I’m taking part in a research study into the efficacy of mindfulness in preventing depression relapse. People who’ve experienced depression often report difficulties with the following:
- Turning off my mind
- Thinking too much
- Being caught in my mind
- Taking things too personally
- Being a perfectionist
- Finding more energy
- Setting limits in my relationships
If any of these sound familiar, you may want to follow my progress to see if mindfulness could help you.
The study comprises eight weekly sessions. In this post I’ll tell you what we covered in Session 1 and about the homework I completed over the course of the first week.
What is Mindfulness?
The first session introduced the concept of Mindfulness, and it’s arch-enemy, Auto-pilot. A certain amount of auto-pilot activity is desirable in life (walking, reading), but when it controls emotions and feelings it can make you more vulnerable to negative thought patterns. Mindfulness starts with self-awareness, becoming more conscious of the body and physical sensations, then moves beyond that to the external world as we learn to notice the feel of the breeze on our faces, the warmth of the sun on our skin, the smells carried on the air and the solidity of the ground beneath our feet. Gradually, we learn to absorb the details in our surroundings. It’s difficult to begin with but it can open up a wealth of new enriching experiences if you’re willing to persevere. After finding a comfortable seated position, I prepared for my first taste of mindfulness:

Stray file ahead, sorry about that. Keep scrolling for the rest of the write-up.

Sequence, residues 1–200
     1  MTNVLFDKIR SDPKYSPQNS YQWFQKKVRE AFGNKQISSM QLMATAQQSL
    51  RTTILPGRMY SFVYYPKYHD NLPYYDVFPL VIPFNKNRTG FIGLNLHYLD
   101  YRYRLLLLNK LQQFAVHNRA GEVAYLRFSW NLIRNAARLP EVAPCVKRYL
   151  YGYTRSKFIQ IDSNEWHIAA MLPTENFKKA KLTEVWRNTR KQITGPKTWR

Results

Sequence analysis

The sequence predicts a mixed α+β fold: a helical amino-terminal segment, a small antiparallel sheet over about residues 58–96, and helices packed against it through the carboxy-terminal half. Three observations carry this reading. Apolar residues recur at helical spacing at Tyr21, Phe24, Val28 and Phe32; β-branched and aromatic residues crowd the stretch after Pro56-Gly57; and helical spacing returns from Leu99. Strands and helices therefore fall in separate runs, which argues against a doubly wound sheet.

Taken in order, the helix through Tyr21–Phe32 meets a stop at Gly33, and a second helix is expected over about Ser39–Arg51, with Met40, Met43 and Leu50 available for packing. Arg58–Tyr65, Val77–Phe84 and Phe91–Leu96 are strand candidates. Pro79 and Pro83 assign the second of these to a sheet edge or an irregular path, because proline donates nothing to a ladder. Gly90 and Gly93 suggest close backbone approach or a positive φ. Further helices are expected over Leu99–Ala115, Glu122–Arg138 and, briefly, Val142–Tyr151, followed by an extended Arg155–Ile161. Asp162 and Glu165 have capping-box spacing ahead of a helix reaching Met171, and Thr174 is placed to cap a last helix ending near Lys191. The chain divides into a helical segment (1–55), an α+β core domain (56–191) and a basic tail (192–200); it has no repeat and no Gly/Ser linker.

The Raisin Exercise
The aim is to take a raisin and try to examine it as though you had never seen one before. Here’s a transcript of the instructions I followed, if you want to do the exercise yourself you can find various video guides on Youtube: